Belfast Telegraph

Video: Teens dice with death at Northern Ireland reservoir - you don't know the dangers warns NI Water

By Jonathan Bell and Ben Tucker

While the crystal clear still waters of Northern Ireland's reservoirs may seem to be the ideal place to cool down as an unprecedented heatwave grips the province, NI Water has warned those doing it they are dicing with death.

There have been reports of people swimming in Killylane reservoir near Antrim over recent days. And while the Belfast Telegraph visited the idyllic location three youths were seen jumping from a tower while they were cheered on by a group watching on from the attached pier.

In the video one of the youths appears to be reluctant to jump and is goaded and pushed about by another trying to encourage him to jump in before he eventually takes a run and jump.

"Reservoirs might look like they’re safe to swim in on a hot summer’s day but they are deep and dangerous," said Cathy Uprichard, head of safety at NI Water.

"There is a real danger lying beneath the surface."

There are a number of potential hazards which may not be immediately obvious to those considering a quick dip. They include the potential for cold water shock which will see the body to shut down and impair a swimmer's ability to get to shore. Hidden machinery could also drag a swimmer down while mud on the reservoir could trap a divers feet and prevent them from being able to reach the surface.

And as well as there being no lifeguards on duty, the locations are often remote which could hamper emergency services getting to the scene should someone be in need of rescue.

“We want everyone to enjoy the warm, sunny weather we’re experiencing at the minute," continued Cathy, "However, go to the beach if you fancy a swim, never in a reservoir.”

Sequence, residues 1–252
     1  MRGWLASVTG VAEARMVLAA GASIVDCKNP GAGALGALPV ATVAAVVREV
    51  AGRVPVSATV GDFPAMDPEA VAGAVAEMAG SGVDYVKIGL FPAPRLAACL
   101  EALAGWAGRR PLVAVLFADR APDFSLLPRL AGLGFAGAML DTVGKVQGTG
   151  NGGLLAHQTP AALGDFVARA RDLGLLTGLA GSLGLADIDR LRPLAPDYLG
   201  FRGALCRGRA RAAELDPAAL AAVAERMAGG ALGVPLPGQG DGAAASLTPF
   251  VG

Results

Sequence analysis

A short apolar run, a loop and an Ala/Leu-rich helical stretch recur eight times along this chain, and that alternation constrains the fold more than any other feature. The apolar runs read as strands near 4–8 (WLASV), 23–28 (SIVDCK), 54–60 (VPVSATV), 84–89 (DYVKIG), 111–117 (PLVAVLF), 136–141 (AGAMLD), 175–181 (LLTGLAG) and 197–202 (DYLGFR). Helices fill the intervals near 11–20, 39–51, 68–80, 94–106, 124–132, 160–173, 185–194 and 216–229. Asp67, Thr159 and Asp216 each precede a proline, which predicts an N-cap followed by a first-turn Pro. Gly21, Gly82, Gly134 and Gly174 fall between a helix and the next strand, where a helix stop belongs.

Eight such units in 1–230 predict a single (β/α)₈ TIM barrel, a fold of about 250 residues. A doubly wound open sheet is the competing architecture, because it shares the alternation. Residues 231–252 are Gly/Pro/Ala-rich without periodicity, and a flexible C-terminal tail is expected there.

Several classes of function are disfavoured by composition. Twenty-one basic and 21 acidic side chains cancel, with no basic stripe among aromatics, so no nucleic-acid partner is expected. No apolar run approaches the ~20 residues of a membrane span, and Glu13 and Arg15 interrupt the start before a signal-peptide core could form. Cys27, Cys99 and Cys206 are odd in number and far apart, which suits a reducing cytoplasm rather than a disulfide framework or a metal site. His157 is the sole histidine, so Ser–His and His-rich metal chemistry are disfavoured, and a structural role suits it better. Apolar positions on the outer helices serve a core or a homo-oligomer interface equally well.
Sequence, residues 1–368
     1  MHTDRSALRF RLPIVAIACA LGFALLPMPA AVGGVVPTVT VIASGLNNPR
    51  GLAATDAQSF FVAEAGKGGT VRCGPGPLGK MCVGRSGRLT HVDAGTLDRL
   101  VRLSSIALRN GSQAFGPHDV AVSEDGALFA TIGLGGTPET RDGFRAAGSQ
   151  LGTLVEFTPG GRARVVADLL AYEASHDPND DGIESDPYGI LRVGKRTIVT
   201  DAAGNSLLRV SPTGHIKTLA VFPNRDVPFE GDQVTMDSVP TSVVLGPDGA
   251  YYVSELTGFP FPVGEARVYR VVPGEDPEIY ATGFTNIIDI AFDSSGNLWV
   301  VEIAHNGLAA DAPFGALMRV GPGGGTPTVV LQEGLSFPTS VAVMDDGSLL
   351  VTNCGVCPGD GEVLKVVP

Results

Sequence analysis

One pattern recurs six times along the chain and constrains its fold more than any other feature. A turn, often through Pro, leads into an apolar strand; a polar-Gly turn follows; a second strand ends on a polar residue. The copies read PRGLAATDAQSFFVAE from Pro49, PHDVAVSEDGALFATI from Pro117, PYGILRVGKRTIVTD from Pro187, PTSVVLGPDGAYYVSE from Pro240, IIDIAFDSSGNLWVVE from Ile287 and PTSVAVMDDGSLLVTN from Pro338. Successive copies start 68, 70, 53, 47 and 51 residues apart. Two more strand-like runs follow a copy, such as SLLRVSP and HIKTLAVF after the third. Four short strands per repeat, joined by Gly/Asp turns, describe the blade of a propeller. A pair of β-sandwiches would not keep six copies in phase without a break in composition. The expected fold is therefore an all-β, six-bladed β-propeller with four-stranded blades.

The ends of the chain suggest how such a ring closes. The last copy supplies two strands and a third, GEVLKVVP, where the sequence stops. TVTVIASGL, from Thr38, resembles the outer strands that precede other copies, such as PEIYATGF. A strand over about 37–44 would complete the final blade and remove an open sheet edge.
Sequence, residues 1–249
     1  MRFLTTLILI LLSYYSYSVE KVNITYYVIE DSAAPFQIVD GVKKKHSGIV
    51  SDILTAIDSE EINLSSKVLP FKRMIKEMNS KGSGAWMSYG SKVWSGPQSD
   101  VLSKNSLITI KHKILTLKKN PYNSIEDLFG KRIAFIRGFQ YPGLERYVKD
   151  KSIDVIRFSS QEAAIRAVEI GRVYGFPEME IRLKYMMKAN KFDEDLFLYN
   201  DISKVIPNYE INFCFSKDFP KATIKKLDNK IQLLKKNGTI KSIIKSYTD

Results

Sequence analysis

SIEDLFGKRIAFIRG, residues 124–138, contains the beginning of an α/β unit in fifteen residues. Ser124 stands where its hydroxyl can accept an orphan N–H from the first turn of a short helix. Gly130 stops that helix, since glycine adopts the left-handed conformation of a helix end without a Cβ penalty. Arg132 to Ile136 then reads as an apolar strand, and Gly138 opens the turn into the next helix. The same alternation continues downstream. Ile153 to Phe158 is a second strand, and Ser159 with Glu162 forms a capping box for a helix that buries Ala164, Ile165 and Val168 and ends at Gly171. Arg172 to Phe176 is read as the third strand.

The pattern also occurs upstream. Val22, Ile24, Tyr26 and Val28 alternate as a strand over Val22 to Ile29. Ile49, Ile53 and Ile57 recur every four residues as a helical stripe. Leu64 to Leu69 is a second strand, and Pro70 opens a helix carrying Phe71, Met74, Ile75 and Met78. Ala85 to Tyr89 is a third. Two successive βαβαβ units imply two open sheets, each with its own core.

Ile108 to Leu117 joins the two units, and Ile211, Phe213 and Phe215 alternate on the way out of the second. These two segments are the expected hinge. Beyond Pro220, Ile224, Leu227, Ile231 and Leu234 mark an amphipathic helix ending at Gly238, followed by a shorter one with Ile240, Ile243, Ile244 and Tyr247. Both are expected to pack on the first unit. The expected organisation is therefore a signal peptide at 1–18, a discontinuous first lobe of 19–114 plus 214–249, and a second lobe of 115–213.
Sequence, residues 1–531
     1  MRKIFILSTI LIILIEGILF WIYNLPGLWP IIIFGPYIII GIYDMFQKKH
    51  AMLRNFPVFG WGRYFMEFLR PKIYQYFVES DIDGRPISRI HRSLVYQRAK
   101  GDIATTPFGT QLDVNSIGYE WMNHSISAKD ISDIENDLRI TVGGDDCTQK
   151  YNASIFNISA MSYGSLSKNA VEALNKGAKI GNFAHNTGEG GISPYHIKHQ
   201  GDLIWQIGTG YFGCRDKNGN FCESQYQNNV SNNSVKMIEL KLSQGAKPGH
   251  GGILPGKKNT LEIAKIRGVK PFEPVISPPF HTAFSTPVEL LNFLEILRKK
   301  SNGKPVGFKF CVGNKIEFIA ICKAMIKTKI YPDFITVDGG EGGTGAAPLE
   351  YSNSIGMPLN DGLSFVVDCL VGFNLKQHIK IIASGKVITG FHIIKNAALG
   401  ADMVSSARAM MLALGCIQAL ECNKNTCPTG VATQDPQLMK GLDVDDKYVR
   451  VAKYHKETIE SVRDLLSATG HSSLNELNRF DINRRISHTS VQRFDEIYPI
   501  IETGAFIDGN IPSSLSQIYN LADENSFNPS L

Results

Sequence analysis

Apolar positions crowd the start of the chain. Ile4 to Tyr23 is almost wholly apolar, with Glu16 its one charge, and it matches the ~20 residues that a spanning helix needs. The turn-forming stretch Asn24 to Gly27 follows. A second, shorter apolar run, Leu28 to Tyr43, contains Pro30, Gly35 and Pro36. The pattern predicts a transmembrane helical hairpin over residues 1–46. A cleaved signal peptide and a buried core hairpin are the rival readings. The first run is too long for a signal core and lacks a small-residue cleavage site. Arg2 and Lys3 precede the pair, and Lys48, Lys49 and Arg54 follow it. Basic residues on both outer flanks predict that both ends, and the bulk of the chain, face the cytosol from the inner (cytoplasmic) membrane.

Dangers in reservoirs include:

  • Cold water shock
    Effectively the body shuts down as blood is diverted to vital organs. While some reservoirs can be bitterly cold in places all year round, the water could be as warm as 25 degrees to have a devastating impact which can affect coordination, strength and the ability to grasp a throw line.
  • Localised Currents
    Reservoirs contain machinery and pipework beneath the surface. This can start without warning and generate currents that can pull a swimmer down.
  • Deep Water
    Some reservoirs are very deep and may have shelves or areas where the depth changes very suddenly.
  • Mud and Silt
    There may be an accumulation of silt on the bottom of the reservoir. This can be a particular hazard when jumping in as it can trap the swimmers feet preventing them from reaching the surface again.
  • Debris
    There may be submerged branches, plants or other hazards that can trap or entangle a swimmer.
  • Access and egress
    Dams, walls and other man-made structures around the bank side can be slippery and lead to a person falling into the reservoir. There may be concealed or hard objects beneath the surface causing a risk of injury.  In some areas the banks may be steep or sheer, in others slippery. This can prevent a person getting out of the reservoir.
  • Isolation
    Many reservoirs are in rural locations which can prevent access problems for emergency services - potentially extending response times.
  • No lifeguards on duty ever

Northern Ireland Water has warned of the dangers of diving into reservoirs.
Northern Ireland Water has warned of the dangers of diving into reservoirs.
Northern Ireland Water has warned of the dangers of diving into reservoirs.
Northern Ireland Water has warned of the dangers of diving into reservoirs.
Northern Ireland Water has warned of the dangers of diving into reservoirs.

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